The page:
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timing

[ tahy-ming ]
/ ˈtaɪ mɪŋ /
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noun

Theater.
  1. a synchronizing of the various parts of a production for theatrical effect.
  2. the result or effect thus achieved.
  3. (in acting) the act of adjusting one's tempo of speaking and moving for dramatic effect.
Sports. the control of the speed of a stroke, blow, etc., in order that it may reach its maximum at the proper moment.
the selecting of the best time or speed for doing something in order to achieve the desired or maximum result: I went to ask for a raise, but my timing was bad, since the boss had indigestion.
an act or instance of observing and recording the elapsed time of an act, contest, process, etc.

QUIZZES

QUIZ YOURSELF ON “THEIR,” “THERE,” AND “THEY’RE”

Are you aware how often people swap around “their,” “there,” and “they’re”? Prove you have more than a fair grasp over these commonly confused words.
Question 1 of 7
Which one of these commonly confused words can act as an adverb or a pronoun?

Origin of timing

1200–50; 1590–1600 for def. 4; Middle English: hap, occurrence; see time, -ing1
Dictionary.com Unabridged Based on the Random House Unabridged Dictionary, © Random House, Inc. 2021

VOCAB BUILDER

What does timing mean?

Timing often means the selection of the exact time or speed at which to do something in order to get the desired or best result.

One of the meanings of time as a verb is to choose the moment or occasion to do something, as in She timed that pass perfectly. Timing is the noun form of this.

Timing is especially relevant in activities like sports and acting. In sports, timing involves actions like moving oneself or the ball at the right moment to gain an advantage or to score. In acting, timing involves choosing when to say a line or the speed at which to say it. Good comedic timing makes things funnier.

In general, timing often involves when we choose to do something. Sometimes, though, the timing of something isn’t decided by choice. For example, when an event outside of anyone’s control simply happens at the wrong time, we describe it as bad timing. When a fortunate event happens at the right time, we call it good timing.

Another use of the word timing refers to the recording or observation of how long it takes something to be done, especially some kind of contest, as in The official timekeeper is responsible for the timing of the race.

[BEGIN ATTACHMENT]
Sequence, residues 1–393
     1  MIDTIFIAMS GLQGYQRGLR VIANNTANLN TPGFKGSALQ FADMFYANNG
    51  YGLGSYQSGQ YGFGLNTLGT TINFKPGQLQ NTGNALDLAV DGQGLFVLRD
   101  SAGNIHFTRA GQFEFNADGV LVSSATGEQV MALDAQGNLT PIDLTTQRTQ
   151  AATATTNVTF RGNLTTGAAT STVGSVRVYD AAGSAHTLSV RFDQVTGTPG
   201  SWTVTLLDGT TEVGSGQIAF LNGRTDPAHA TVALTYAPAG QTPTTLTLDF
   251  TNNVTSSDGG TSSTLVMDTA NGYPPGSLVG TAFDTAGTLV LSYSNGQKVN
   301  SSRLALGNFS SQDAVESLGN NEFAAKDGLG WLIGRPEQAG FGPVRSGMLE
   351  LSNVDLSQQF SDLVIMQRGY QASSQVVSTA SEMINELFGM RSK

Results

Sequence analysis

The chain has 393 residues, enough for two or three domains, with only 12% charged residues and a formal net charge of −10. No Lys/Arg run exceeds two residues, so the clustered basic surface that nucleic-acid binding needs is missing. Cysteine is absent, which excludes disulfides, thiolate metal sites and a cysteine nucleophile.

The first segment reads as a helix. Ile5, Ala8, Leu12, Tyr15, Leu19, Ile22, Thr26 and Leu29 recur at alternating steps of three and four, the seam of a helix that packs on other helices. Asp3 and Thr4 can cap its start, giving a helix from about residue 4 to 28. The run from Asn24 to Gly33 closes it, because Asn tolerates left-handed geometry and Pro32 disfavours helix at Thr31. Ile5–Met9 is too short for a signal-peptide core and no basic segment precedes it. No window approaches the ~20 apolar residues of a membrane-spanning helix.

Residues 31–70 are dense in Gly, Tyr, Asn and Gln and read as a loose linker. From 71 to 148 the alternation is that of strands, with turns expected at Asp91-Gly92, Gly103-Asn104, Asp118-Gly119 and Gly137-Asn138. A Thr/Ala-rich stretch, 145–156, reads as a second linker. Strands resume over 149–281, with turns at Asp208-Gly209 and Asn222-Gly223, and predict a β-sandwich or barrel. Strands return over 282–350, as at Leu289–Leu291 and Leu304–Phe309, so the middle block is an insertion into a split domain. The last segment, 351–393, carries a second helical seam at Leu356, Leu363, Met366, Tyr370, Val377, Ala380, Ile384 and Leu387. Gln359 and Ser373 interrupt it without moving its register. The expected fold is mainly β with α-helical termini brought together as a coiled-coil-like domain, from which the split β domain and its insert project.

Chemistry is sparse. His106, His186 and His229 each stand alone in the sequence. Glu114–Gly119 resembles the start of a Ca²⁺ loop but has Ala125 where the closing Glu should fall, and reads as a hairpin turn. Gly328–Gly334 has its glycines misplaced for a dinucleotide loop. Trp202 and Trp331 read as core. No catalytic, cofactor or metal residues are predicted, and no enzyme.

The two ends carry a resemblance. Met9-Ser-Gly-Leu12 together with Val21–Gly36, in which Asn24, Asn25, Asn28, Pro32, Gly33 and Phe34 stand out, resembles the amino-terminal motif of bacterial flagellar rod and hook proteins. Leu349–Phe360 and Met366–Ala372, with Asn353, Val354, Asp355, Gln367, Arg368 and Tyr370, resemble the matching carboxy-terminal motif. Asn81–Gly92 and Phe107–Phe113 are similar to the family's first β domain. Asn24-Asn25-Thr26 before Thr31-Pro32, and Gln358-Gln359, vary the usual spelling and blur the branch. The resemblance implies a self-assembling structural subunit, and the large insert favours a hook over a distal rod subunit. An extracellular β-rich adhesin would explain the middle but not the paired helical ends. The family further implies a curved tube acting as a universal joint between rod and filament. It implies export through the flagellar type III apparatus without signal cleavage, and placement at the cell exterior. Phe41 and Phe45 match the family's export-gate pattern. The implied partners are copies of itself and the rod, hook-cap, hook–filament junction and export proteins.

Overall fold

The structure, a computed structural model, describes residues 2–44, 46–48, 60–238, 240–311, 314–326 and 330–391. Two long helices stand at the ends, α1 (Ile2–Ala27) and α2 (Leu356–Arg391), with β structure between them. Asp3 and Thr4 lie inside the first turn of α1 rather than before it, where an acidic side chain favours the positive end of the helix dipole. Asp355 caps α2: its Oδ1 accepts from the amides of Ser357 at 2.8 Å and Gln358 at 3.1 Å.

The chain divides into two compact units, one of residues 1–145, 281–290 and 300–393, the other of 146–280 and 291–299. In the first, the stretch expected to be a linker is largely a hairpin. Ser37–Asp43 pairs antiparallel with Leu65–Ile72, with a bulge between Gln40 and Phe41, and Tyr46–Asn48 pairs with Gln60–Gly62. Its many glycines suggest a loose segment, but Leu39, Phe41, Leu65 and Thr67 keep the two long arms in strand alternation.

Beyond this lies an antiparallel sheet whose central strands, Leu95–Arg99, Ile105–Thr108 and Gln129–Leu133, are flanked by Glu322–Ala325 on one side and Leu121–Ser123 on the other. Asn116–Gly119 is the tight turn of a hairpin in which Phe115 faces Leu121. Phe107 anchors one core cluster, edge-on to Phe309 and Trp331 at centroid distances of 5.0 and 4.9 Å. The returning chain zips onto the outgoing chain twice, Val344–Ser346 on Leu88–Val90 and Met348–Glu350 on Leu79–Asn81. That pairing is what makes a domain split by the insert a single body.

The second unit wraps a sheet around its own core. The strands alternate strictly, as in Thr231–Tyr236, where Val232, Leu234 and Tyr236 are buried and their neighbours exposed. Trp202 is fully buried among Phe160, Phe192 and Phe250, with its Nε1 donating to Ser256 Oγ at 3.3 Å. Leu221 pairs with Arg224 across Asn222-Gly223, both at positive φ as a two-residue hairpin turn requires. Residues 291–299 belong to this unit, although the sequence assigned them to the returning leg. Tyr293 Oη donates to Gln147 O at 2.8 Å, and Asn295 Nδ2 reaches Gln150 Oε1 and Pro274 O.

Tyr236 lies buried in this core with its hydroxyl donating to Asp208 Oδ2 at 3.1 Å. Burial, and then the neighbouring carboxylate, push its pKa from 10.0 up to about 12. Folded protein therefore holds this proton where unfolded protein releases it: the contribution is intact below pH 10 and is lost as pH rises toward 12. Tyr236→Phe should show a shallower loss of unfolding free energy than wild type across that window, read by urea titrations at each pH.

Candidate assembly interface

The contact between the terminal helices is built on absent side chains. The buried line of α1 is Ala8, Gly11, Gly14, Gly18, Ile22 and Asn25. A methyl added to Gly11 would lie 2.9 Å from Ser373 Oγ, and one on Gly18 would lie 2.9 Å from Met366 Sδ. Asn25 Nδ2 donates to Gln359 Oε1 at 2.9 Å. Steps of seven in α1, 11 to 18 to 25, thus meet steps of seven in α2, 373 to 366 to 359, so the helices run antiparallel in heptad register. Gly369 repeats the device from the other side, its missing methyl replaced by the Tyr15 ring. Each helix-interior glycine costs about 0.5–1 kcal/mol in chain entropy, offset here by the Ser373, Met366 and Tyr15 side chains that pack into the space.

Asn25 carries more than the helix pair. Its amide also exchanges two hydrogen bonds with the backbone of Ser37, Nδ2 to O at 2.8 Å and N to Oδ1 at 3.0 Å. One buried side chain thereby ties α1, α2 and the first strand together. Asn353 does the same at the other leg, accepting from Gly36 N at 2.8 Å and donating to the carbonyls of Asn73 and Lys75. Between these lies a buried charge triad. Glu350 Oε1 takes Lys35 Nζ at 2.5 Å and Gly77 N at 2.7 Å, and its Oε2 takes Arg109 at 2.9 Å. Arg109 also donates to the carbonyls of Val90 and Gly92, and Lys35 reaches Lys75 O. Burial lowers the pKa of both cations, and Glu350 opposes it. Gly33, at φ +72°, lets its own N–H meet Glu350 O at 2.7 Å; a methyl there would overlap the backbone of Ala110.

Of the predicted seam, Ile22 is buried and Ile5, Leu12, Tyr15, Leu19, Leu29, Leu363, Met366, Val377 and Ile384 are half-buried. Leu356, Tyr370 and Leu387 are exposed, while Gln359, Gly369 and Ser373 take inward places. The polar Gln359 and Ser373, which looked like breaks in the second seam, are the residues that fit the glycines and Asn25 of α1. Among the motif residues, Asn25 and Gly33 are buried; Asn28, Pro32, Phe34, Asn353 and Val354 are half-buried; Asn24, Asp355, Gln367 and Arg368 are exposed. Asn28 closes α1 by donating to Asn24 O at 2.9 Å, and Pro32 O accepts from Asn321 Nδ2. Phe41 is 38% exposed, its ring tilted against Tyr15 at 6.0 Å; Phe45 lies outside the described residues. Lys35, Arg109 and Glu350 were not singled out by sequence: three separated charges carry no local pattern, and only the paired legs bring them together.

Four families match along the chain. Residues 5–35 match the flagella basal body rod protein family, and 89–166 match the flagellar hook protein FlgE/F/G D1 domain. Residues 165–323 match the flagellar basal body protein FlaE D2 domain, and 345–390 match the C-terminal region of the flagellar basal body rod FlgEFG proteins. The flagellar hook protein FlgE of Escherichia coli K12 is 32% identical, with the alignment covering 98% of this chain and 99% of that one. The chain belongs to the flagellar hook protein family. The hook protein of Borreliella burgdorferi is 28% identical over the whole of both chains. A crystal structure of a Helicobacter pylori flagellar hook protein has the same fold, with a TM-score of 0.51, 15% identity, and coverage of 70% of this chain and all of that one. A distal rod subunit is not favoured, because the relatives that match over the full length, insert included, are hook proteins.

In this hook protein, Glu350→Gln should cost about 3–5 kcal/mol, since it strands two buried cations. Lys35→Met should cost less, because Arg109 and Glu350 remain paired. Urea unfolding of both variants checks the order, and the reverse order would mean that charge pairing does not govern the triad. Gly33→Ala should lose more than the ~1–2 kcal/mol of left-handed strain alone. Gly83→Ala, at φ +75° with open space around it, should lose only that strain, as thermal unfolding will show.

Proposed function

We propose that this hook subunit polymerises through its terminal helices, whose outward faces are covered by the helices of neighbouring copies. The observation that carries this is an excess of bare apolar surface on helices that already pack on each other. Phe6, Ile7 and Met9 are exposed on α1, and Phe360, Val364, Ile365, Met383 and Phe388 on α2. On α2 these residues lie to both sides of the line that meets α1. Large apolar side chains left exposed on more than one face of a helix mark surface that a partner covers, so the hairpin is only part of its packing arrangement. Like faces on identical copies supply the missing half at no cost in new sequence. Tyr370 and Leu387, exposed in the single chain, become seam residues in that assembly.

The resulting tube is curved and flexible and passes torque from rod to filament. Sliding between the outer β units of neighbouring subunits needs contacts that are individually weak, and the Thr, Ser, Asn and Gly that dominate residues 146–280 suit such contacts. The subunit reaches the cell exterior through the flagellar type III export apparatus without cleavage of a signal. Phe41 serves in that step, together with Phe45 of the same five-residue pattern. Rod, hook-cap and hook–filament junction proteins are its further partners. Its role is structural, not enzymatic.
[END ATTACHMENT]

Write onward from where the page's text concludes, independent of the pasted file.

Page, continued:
Example: My package of replacements arrived right before I ran out of them—it was perfect timing!

Where does timing come from?

The first records of the word timing come from the 1200s. It’s a form of the word time.

The expression “Timing is everything” means that the result of an action or event often greatly depends on when it is done or when it happens. The expression is commonly applied to sports. LeBron James’ iconic block during Game 7 of the 2016 NBA Finals is often described as perfect timing—if he had jumped moments sooner or later, things may have turned out differently. The expression is also often applied to acting and comedy. Comedians are especially aware of their timing—a split second can make a big difference for how a joke is received.

In general, we talk a lot about timing in life, especially when things happen at the perfect or worst possible moment.

A more narrow sense of the word timing is used in the context of theater, in which it refers to when different parts of a production are synchronized.

Did you know ... ?

What are some other forms related to timing?

What are some words that share a root or word element with timing

 

What are some words that often get used in discussing timing?

How is timing used in real life?

Timing is everything, as they say, and the word is used in all kinds of contexts.

 

 

Try using timing!

Which of the following words could be used to describe someone’s timing?

A. perfect
B. bad
C. excellent
D. all of the above

Example sentences from the Web for timing

British Dictionary definitions for timing

timing
/ (ˈtaɪmɪŋ) /

noun

the process or art of regulating actions or remarks in relation to others to produce the best effect, as in music, the theatre, sport, etc
Collins English Dictionary - Complete & Unabridged 2012 Digital Edition © William Collins Sons & Co. Ltd. 1979, 1986 © HarperCollins Publishers 1998, 2000, 2003, 2005, 2006, 2007, 2009, 2012
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